ECSCW 2024 Full Papers

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  • Journal Article
    Trusting Intelligent Automation in Expert Work: Accounting Practitioners’ Experiences and Perceptions
    (Computer Supported Cooperative Work, Vol. 33, 2024) Ala-Luopa, Saara; Olsson, Thomas; Väänänen, Kaisa; Hartikainen, Maria; Makkonen, Jouko
    AI-based applications are increasingly used in knowledge-intensive expert work, which has led to a discussion regarding their trustworthiness, i.e., to which degree these applications are ethical and reliable. While trust in technology is an important aspect of using and accepting novel information systems, little is known about domain experts’ trust in machine learning systems in their work. To provide a real-life, empirical perspective on the topic, this study reports findings from an interview study of accounting practitioners’ (N=9) trust in intelligent automation in their work. The findings underline the holistic nature of trust, suggesting that contextual and social aspects, such as participatory design practices, shape domain experts’ trust in intelligent automation. For instance, the participants emphasize their contribution to product development and open communication with the system developers. In addition, the findings shed light on the characteristics of domain experts as technology users, such as the necessity of situation-specific expert knowledge when evaluating the systems’ reliability. Thus, our findings suggest that trust in intelligent automation manifests at different levels, both in human-AI interaction and interpersonal communication and collaboration. This research contributes to the existing literature on trust in technology, especially AI-powered applications, by providing insights into trust in intelligent automation in expert work.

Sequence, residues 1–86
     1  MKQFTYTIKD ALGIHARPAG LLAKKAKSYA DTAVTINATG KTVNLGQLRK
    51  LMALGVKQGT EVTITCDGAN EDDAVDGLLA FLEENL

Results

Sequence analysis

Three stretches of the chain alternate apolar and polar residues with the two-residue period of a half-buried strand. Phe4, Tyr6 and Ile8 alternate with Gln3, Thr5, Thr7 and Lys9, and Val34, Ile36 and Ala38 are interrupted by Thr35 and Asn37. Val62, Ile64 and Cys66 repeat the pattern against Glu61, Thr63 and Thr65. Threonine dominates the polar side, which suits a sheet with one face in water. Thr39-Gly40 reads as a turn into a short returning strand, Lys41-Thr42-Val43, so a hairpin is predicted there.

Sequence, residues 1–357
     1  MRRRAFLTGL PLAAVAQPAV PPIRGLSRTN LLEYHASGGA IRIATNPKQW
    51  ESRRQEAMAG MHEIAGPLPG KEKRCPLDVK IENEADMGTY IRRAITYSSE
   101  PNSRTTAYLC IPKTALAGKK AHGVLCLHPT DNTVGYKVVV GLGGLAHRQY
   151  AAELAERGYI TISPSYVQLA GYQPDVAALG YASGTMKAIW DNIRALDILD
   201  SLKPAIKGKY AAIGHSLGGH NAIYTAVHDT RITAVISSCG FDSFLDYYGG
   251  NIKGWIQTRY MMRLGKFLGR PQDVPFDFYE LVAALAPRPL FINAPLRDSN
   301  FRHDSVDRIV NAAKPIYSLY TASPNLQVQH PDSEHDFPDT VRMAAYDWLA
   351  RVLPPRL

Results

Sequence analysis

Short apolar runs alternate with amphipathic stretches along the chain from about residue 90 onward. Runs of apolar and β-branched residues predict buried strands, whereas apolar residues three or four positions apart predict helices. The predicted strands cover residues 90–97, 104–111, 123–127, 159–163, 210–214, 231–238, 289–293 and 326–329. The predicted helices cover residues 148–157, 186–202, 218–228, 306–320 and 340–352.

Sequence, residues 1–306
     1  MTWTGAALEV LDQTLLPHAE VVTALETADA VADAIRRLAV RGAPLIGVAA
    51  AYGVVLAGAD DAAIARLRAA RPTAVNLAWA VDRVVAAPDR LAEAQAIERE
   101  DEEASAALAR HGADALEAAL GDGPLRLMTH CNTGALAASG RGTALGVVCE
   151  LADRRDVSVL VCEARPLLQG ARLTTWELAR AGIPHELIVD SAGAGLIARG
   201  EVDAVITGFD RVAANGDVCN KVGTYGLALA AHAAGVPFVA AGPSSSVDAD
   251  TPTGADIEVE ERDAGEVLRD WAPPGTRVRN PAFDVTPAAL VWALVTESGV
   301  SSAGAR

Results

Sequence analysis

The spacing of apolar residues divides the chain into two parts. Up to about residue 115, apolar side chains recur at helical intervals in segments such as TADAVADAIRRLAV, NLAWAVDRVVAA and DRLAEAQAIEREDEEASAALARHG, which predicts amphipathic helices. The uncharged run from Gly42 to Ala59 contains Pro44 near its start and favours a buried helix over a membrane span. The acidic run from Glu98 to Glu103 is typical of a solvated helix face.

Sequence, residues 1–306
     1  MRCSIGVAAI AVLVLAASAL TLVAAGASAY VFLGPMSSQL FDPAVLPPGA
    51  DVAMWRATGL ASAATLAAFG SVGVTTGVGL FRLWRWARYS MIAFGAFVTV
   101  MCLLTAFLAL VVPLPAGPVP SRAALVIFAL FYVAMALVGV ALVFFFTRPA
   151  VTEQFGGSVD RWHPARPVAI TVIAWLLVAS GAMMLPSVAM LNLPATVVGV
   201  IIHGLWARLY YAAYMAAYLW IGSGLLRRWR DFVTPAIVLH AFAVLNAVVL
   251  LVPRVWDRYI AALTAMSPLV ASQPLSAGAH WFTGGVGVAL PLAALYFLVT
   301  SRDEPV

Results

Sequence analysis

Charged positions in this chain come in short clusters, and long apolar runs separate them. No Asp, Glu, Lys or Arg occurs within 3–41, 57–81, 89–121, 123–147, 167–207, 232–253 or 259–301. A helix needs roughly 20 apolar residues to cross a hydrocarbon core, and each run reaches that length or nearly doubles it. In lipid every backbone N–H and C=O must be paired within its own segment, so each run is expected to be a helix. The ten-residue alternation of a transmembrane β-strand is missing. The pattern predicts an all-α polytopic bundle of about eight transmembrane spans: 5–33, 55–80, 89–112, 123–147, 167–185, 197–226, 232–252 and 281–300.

• Journal Article
    Analysis of Coordination Mechanisms during Collaborative Problem-Solving on an Interactive Tabletop Display
    (Computer Supported Cooperative Work, Vol. 33, 2024) Maquil, Valerie; Afkari, Hoorieh; Arend, Béatrice; Heuser, Svenja; Sunnen, Patrick